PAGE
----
In case you don’t have too much time on your hands, that’s the growing rage on social media.
If references someone of a “dominate culture” taking “another culture’s” take on cuisine and giving it a twist that reflects “their culture”.
Most of the time it is a “white” individual taking a dish of a so-called “minority” population and making it their own.
Think Taco Bell.
With all due respect to Yummy Brands, that is not my idea of Mexican food though there are those that would beg to differ.
Growing up in an ethnically diverse small town — at least it was at the time — where more than a third of the population had Hispanic bloodlines and most were second or third generation Americans that could speak better English than me — I had homemade tamales on Friday nights for the better part of 7 years.
They were made from scratch by Sophia Ruiz.
Believe me, Nalleys canned tamales were pure garbage in comparison. They tasted nothing like the real thing.
Sophia was an immigrant from Mexico who worked with my mom. Her son and my brother were best friends.
Occasionally, she would treat us to homemade enchiladas. Don’t get me wrong. Her tamales were great but her enchiladas were incredible.
Yet Sophia — as well as myself and others — couldn’t wait until either the Placer County Holy Ghost Celebration in May or Christmas.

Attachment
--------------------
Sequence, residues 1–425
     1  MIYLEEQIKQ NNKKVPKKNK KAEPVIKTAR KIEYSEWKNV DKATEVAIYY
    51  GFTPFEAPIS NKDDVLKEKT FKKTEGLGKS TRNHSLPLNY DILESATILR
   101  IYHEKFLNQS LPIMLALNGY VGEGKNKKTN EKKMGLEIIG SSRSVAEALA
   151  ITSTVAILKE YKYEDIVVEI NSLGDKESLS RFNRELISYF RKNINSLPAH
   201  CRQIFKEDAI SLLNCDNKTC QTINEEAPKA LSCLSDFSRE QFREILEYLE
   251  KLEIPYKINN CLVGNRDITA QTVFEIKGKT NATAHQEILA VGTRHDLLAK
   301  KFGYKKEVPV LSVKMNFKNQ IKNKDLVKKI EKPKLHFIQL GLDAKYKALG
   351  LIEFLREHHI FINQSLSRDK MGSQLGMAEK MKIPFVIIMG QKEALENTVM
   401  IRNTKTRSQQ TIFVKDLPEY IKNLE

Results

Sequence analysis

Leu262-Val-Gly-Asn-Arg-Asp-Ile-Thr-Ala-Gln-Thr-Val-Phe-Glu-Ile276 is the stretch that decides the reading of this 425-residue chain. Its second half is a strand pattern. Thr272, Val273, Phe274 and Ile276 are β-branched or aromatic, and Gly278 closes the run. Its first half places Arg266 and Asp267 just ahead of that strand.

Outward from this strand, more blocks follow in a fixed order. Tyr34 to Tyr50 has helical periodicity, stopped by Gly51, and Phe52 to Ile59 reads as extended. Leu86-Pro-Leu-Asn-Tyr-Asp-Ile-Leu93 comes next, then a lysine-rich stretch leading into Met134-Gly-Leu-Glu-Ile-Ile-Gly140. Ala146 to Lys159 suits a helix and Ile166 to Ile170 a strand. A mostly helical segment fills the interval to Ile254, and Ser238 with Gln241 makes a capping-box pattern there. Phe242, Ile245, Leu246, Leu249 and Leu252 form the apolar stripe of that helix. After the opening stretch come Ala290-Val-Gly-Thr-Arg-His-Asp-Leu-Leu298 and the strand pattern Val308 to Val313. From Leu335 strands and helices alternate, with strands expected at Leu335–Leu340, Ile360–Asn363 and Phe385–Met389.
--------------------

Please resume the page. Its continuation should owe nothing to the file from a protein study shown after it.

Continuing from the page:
That’s when Elsie Silva, our next door neighbor, would whip up her take on enchiladas with a distinct Portuguese twist.
They were much spicier and greasier. And despite what that combination can do to you, they were so good you could eat them the next day as well stone cold from the refrigerator.
In today’s woke world such a take on a Mexican dish sparks indignant outrage on social media platforms like TikTok.
Assuming Elsie, if she were alive, would still have the sensibilities of a devout Catholic immigrant from the Azores with a stringent work ethnic who loved America and its simmering stew of ethnicities and cultures, I doubt she’d waste much time with TikTok and such.
She be too busy taking care of her family, helping immigrants from Spain and Portugal learn English, and making sure those in need didn’t go without.
Elsie would give the shirt off her back to help struggling families in the neighborhood that ran the gamut from those that fled to California from Oklahoma during the Dust Bowl, immigrants from Mexico, and a couple — he was a low-paid blue collar worker and his wife who was seriously ill — struggling to raise four boys.
She was thrilled when neighbors joined in traditional Portuguese celebrations. Elsie was also proud when others incorporated bits and pieces of her native cuisine.
It was barely Portuguese lite, but they were adaptions she inspired.
I admit to the high woke crime of culinary appropriation as well.
There was a time —a good 10 years or so — where I used tortillas like bread.
I went through a couple dozen flour tortillas — store bought of course — a week.
I used them to wrap slices of cheese. I dipped them in soup. I ate them plain. I smothered them with butter. And I smeared them with catsup and rolled them up to eat.